Learning solutions for students with disabilities

I have lived with a visual impairment for over 44 years now and have been working with disabled people for the past 25 years First as part of the team within the Carlton University libraries centre for disabled students and later during my professional career in IT.

Below you will find useful links and my thoughts about how best to support disabled students. All gained from designing solutions for myself, my dyslexic family members and other people over the years both professionally and personally who have asked for advice. This page will evolve over time as I finally get down to documenting my thoughts and experiences :)

Access to digital books

Access to printed material in alternative formats has always been a challenge but it is getting better with the advent of accessible online digital libraries.

Any Canadian who has a print disability can sign up for CELA and then via CELA apply to gain access to Bookshare.org. Bookshare.org has over 400,000 accessible digital books.

Use the link below to get registered with CELA.


      • You must have a public library card to register for CELA
      • Bookshare.org requires you to get proof of you print disability. A doctors or psychologist can normally complete the form for you.
      • CELA will pay for you bookshare.org account.

What I do

I typically search bookshare.org from Voice Dream reader. Find a book and download it to my phone. This is the easiest process I have found so far.

If the book is not on Bookshare, I will search for it on CELA. But the user experience of CELA's website and the apps which they support is quite poor. So it is a last resort.

Other sources for digital books

Local library

Some local library offer digital books you can download and read on a mobile device via an app called Over Drive. This app has been around for a while but at last testing it did not work well with Voice Over on iOS.

Kindle Unlimited

If you can afford to buy a book. The Kindle app on iOS works quite well.

Audio books (CD, MP3, DAISY, Audible)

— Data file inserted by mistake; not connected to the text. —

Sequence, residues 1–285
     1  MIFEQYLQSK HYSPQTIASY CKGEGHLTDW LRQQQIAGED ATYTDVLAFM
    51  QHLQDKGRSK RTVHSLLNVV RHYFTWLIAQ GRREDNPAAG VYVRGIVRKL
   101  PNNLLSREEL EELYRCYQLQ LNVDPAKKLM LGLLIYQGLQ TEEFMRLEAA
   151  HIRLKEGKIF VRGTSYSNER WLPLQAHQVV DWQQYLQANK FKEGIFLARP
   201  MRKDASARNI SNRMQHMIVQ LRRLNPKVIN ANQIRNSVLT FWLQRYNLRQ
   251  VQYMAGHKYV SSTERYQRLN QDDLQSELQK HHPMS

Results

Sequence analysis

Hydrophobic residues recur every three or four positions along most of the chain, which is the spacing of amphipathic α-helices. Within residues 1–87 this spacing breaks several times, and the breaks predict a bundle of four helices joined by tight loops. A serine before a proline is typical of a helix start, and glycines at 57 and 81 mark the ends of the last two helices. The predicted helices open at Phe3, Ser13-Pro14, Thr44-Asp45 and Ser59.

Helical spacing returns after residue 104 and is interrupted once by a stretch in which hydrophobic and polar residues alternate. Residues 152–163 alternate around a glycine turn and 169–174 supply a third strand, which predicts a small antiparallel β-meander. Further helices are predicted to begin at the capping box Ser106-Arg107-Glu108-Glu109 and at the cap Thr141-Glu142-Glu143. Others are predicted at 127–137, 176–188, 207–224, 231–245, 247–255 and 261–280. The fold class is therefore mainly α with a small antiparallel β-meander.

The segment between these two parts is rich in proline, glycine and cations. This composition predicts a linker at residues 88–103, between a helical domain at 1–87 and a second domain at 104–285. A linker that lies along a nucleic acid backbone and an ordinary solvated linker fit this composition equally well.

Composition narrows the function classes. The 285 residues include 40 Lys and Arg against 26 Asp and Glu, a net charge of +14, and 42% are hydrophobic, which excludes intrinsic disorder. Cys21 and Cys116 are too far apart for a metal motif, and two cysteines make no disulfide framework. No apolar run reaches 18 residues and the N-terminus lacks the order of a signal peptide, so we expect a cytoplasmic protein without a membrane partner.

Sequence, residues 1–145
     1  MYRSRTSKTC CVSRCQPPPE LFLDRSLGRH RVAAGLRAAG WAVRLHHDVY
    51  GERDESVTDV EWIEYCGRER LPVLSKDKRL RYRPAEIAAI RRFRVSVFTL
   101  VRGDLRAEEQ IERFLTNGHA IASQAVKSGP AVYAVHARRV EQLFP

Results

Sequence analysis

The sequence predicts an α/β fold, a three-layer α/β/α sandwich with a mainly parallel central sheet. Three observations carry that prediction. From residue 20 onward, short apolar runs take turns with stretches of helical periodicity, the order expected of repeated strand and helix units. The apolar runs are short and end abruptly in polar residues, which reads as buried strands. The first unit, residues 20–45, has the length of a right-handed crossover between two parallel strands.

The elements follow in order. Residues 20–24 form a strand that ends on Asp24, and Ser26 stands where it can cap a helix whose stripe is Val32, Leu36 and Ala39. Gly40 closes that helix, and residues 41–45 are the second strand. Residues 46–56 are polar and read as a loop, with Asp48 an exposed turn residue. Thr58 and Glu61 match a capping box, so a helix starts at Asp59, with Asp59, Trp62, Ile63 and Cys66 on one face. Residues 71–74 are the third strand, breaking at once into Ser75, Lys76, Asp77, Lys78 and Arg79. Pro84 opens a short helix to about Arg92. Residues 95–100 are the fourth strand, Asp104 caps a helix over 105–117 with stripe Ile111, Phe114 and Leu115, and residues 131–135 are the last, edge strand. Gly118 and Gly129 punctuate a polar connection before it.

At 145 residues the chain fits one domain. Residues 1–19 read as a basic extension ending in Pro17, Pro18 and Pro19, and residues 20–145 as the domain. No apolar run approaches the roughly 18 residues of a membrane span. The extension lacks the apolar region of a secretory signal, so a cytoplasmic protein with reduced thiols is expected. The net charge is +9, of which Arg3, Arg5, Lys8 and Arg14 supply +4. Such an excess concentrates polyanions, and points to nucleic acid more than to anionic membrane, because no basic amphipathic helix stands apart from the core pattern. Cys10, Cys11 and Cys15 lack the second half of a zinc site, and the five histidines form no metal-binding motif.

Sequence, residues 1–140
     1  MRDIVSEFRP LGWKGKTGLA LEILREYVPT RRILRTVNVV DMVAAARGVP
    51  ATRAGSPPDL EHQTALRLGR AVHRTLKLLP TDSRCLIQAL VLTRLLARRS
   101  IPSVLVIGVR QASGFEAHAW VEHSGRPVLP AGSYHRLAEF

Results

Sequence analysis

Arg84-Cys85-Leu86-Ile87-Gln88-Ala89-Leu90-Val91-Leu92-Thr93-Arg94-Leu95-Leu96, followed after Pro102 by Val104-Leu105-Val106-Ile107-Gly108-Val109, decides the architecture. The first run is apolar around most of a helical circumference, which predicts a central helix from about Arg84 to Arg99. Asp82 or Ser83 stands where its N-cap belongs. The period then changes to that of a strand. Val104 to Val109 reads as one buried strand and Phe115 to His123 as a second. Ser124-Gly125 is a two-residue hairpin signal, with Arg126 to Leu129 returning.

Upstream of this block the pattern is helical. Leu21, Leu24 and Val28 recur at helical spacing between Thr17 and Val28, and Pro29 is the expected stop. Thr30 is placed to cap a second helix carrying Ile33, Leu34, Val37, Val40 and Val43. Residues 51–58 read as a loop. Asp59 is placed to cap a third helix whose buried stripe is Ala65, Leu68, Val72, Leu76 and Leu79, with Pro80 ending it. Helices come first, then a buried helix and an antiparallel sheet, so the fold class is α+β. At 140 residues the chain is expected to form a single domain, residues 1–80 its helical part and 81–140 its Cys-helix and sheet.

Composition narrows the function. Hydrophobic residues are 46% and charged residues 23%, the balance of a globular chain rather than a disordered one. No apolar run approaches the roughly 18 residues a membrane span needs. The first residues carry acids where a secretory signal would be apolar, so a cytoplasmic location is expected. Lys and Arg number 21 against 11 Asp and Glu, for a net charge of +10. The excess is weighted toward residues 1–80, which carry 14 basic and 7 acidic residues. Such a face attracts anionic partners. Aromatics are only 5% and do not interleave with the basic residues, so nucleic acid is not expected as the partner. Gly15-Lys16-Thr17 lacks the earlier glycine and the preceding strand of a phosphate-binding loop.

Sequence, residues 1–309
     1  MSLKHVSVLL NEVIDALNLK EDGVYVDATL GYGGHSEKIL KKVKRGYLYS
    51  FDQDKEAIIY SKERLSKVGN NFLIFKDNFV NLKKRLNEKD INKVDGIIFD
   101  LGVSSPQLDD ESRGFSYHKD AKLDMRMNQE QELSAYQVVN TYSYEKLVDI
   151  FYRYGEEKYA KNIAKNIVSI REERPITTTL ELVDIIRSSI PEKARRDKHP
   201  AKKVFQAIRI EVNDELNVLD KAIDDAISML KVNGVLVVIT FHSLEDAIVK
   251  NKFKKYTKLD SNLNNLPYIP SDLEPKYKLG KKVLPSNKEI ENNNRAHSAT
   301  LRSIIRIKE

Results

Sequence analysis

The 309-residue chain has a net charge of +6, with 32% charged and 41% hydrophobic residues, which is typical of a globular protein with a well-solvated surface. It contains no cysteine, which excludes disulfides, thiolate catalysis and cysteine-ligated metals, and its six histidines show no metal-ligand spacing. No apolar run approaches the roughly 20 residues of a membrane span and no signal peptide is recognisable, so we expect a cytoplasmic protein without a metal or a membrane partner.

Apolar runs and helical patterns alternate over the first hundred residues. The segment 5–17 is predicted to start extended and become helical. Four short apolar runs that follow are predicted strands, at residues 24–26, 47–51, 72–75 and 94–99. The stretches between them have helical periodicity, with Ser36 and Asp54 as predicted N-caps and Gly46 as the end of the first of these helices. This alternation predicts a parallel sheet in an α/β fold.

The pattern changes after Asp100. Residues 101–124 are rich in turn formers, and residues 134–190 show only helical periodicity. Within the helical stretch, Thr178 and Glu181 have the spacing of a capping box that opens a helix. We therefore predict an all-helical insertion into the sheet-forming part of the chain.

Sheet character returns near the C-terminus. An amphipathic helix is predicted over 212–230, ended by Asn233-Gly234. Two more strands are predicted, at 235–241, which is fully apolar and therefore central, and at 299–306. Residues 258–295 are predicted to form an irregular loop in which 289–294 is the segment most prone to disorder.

Some times if I can't find the digital text version of a book i wanted to read. I will seek out and audio version.


It is imperative in my opinion that the kids need to pick a high quality voice and then just get used to it over time. Avery like a British one ;). I am an expert in accessibility so if you ever have any questions list ask.

Must read books on Dyslexia

Overcoming Dyslexia: A New And Complete Science-based Program For Reading Problems At Any Level

Sally Shaywitz



This book is worth every minute you will spend reading it. As parent it will provide you with the language to speed to your child's school along with providing you tips and tricks to help yourselve or your child.

Smart but scattered


Apps of interest

There are a whole host of apps on the market to help both visually impaired and learning impaired students read digital books and access print in general. Two of the most popular on iOS are:

This is the primary app I use to read books. It costs $20 but can be added to a family share and works well most of the time. Voice Dream can read pretty much and book you try to throw at it.

Top Add document

Type search term

Top download icon

Books shows up in your library

This app is great for reading small amounts of text on packaging or for one page at a time reading. It is improving at a rapid pace.

Looking for more apps?

The CNIB offers a great list of apps for reading digital books and documents here: http://iguana.celalibrary.ca/iguana/www.main.cls?surl=CELA-CompatibleDevices&theme=celadefault&lang=eng


I finished by Masters of HCI a few years back. It contains some interesting insights into what I learning testing the custom reading app I created to help me get through the detailed reading required of a masters.


SpokenText Reader: Testing a Study Support Mobile Application for Visually and Learning Impaired University Students


Accessibility Challenges of Hybrid Mobile Applications

Scanning books, articles etc

Gaining access to accessible books has been a struggle for print disabled people for a long time. But in 2019 we do have access to a lot of material in digital text which can be read out loud via text to speech technology.

But with this said you will still find times when you have to convert f printed books, article or chunk of text to digital text so that you can have it read to you.

Short text

If the text is short and you will not need to refer to it late. Use Seein AI. It works great and is easy to use.